A person skilled in the art will appreciate that the solar absorptive material according to embodiments of the present invention has a range of advantages. The concept of having at least one region which has an average metal volume fraction that is larger than that of another region and that is positioned closer to the receiving boundary than the other region offers significant flexibility for design optimisation and facilitates fabrication. For example, the solar absorptive material may comprise multi-layered or multi-region structures having layers or regions with different average metal volume fractions and may be designed having optimised optical properties (i.e. optical material constants). In addition, relatively thick structures may be fabricated and typically controlling of particular parameters is less critical as the metal volume fraction may increase and also decrease during fabrication of the structures.

Further, adhesion of a layer or region may be optimised by selecting an average a metal volume fraction for the layer or region of the solar absorptive material in accordance with the first aspect of the present invention.

In addition, positioning of a layer or region having a lower average metal volume fraction than immediately adjacent layers or regions typically reduces inter-diffusion of metallic material at elevated temperatures and consequently increases the lifetime of the solar selective material. Further, relatively thick structures may be fabricated.

The present invention provides in a second aspect a solar absorptive material for a solar selective surface of an absorber of solar radiation, the solar absorptive material comprising a silicide material for absorptive solar radiation.

The silicide material typically is a salicide material.

The present invention provides in a third aspect an absorber having a solar selective surface coating comprising the solar absorptive material according to the first aspect of the present invention, wherein the absorptive material is sandwiched between an outer layer and a metallic region.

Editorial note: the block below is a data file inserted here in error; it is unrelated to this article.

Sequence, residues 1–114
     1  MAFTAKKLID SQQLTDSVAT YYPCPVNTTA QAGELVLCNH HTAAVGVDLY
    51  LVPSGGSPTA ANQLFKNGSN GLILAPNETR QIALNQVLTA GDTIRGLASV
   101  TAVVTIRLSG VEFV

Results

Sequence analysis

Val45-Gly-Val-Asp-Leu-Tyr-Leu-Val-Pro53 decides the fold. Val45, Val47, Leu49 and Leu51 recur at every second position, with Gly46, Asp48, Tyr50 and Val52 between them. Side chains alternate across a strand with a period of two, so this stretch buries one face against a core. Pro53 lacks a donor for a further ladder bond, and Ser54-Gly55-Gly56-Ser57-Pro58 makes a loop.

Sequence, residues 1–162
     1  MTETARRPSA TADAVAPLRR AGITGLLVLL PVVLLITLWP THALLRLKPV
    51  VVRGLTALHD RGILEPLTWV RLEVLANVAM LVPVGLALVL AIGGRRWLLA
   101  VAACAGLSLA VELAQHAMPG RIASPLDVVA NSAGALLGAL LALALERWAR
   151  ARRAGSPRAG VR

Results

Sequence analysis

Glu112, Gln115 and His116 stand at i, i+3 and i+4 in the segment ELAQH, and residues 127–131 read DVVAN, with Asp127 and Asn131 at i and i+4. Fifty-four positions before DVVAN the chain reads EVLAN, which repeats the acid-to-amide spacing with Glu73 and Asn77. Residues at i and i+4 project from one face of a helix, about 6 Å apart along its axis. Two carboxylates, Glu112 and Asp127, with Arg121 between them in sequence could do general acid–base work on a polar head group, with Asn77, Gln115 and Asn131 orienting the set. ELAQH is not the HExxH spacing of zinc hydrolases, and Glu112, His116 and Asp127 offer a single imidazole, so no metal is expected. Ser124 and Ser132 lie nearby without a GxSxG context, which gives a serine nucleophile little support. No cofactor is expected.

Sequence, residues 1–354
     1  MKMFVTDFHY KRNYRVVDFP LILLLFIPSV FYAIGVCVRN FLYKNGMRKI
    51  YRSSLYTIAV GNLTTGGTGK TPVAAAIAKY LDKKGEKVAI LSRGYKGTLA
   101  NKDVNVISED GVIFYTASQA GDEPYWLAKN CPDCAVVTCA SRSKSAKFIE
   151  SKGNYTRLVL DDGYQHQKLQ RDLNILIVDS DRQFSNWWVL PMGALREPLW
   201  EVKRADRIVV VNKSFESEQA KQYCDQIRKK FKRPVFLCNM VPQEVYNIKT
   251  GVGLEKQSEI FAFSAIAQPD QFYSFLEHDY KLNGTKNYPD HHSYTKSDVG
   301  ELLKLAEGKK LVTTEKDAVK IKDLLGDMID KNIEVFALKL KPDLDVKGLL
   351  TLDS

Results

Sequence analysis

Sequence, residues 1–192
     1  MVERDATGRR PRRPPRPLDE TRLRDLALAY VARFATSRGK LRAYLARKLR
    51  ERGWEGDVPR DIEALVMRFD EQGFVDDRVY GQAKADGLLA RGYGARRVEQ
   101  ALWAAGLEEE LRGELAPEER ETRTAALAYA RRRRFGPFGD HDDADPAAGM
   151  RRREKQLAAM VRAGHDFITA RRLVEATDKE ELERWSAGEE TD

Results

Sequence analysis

The absorptive material typically is sandwiched between an outer layer and a bottom layer positioned over an absorber body. Alternatively, the absorptive material may be positioned directly on the absorber body. The outer layer typically has a lower metallic volume fraction that the solar absorptive layer (or is non-metallic). The bottom typically has a higher average metal volume fraction than the absorptive material or is metallic. The absorber body typically is also metallic.

The invention will be more fully understood from the following description of specific embodiments of the invention. The description is provided with reference to the accompanying drawings.

BRIEF DESCRIPTION OF THE DRAWINGS

FIG. 1 shows a plot illustrating a depth profile of a relative material component concentration for a solar absorptive material (prior art),

FIG. 2 shows a plot illustrating a depth profile of a relative material component concentration for a solar absorptive material according to a first specific embodiment of the present invention,

FIG. 3 shows a plot illustrating a depth profile of a relative material component concentration for a solar absorptive material according to a second specific embodiment of the present invention,

FIG. 4 shows a plot illustrating a depth profile of a relative material component concentration for a solar absorptive material according to a third specific embodiment of the present invention and

FIG. 5 shows schematically a side-view of a solar absorber having a solar selective coating according to another specific embodiment of the present invention.

DETAILED DESCRIPTION OF SPECIFIC EMBODIMENTS

Referring to FIGS. 2-4, solar absorptive materials according to specific embodiments of the present invention are now described. FIGS. 2-4 show depth profiles of relative material concentration which typically is closely related to the electrical conductivity. Consequently, the relative material concentrations could also be represented by depth profiles showing the specific electrical conductivity as a function of depth.